June 27, 2003
|HONG KONG, CHINA, 27-JUN-2003: Hong Kong citizens sign a petition to protest against the government legislating on Article 23 of the Basic Law in Hong Kong, June 27, 2003. Despite opposition against the legislation the government has rushed the anti-subversion legislation through the Legislative Council. [Photo by Mike Clarke, copyright 2003 by AFP and ClariNet]|
(Clearwisdom.net) HONG KONG - Some 100,000 people are expected to participate in a protest march against the Hong Kong government's plan to pass controversial anti-subversion laws next week, organizers said Friday.
"We have revised our application to the police and told them of our latest estimate that some 100,000 people are expected to attend the protest march," to the government headquarters on July 1, said Tsoi Yiu-cheong, spokesman for the Civil Human Rights Front.
"This is just our latest estimate from the 50,000 people we originally estimated," he said.
"The most important task now is to get more people to join the march against the legislation of the anti-subversion law which could deprive us of our freedom," said Tsoi.
The Democratic Party chairman Yeung Sum and 10 other members started a 100-hour hunger strike that will end an hour before the mass protest on July 1.
"The fast is to show our anger" over the legislation of the anti-subversion bill, Yeung told reporters.
Accusing the government of ignoring public opinion and of rushing to enact the controversial law, Yeung said the fast was also meant to call on people to participate in the massive protest march next week.
The demonstration is timed to coincide with celebrations marking the former British colony's reversion to Chinese sovereignty in 1997.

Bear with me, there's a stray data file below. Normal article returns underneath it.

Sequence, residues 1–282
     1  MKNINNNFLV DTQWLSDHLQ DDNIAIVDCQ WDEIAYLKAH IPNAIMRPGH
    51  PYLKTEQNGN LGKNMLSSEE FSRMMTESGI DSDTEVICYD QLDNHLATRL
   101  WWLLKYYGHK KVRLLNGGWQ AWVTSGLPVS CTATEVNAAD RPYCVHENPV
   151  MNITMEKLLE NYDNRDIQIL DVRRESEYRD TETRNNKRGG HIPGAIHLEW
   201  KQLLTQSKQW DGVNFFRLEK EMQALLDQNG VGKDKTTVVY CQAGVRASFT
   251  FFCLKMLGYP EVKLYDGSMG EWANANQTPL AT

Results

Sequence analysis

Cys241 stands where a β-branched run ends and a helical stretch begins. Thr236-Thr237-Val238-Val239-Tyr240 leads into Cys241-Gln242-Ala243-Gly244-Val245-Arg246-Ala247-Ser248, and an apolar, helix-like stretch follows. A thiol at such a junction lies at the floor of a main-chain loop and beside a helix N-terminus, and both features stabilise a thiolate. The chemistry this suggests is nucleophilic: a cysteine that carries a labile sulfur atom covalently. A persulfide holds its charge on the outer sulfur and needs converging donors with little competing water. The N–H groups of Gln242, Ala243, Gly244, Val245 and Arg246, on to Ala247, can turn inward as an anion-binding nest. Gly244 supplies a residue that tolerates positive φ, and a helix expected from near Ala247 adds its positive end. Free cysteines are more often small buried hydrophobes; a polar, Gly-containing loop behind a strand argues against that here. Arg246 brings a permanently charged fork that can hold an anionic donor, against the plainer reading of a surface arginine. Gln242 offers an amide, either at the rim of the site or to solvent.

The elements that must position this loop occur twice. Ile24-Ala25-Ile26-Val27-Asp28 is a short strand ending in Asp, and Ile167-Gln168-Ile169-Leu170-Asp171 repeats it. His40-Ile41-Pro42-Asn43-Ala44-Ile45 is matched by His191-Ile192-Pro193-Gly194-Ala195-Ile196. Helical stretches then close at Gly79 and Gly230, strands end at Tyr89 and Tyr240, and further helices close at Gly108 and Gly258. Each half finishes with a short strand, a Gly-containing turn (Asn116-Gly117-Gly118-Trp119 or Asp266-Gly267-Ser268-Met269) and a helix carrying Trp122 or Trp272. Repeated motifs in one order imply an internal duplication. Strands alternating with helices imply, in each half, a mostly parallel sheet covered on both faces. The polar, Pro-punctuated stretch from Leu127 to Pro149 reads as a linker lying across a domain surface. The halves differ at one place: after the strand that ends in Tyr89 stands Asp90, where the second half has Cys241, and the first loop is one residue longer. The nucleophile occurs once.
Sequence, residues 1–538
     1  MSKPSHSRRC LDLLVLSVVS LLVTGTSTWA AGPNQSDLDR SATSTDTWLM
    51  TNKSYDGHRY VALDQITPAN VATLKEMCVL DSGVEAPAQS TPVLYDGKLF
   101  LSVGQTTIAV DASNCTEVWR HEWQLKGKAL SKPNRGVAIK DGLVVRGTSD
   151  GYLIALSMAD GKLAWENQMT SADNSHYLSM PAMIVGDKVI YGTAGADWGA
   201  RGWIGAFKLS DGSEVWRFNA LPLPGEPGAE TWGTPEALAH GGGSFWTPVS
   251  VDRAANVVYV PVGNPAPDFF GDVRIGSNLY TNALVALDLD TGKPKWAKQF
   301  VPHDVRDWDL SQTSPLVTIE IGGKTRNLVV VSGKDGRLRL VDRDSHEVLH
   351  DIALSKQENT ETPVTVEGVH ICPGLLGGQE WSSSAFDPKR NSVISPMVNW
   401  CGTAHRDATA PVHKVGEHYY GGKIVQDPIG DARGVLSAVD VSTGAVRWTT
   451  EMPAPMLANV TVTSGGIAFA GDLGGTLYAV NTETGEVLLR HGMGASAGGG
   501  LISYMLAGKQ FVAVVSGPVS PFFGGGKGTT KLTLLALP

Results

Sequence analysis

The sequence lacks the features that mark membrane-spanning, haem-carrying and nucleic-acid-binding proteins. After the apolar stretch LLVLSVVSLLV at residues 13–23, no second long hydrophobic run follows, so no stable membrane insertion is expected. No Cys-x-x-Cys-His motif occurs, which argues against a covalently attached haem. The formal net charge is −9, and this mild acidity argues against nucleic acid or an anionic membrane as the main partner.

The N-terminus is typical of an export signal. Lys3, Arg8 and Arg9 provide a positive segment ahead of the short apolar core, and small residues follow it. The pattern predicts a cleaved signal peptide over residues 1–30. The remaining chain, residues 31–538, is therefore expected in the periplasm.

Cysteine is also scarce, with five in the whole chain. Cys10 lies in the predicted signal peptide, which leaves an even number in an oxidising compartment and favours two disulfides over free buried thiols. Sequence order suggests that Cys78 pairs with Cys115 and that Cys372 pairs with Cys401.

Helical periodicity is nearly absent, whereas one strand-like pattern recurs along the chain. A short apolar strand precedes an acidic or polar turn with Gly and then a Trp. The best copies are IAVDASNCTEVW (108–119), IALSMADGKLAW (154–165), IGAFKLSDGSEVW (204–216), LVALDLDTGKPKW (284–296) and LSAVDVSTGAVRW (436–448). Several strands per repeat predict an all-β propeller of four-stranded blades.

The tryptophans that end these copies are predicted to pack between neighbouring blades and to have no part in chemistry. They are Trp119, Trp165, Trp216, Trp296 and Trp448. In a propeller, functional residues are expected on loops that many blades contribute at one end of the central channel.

Hong Kong is required under the Basic Law, the city's mini-constitution, to pass legislation banning treason, sedition, subversion and theft of state secrets.
Rights activists and pro-democracy groups have said they fear China could use the new law to suppress freedoms, including those of the media, speech and religion.
Meanwhile, the United States House of Representatives on Friday passed a resolution urging the Hong Kong government to withdraw its national security bill. It was approved by 426 votes to one, local radio reported.
There is mounting fear the law banning treason, sedition, theft of state secrets and subversion could stifle freedom of speech and strangle the free flow of information.
Chinese Premier Wen Jiabao is expected to visit Hong Kong from June 29 to July 1 to attend the handover celebration.
During his visit, Wen will attend the signing ceremony of the city's first free trade agreement with China as part of Beijing's support to help revive Hong Kong's economy.
The premier will be spared any glimpse of the protest which will be held hours after he leaves Hong Kong on July 1.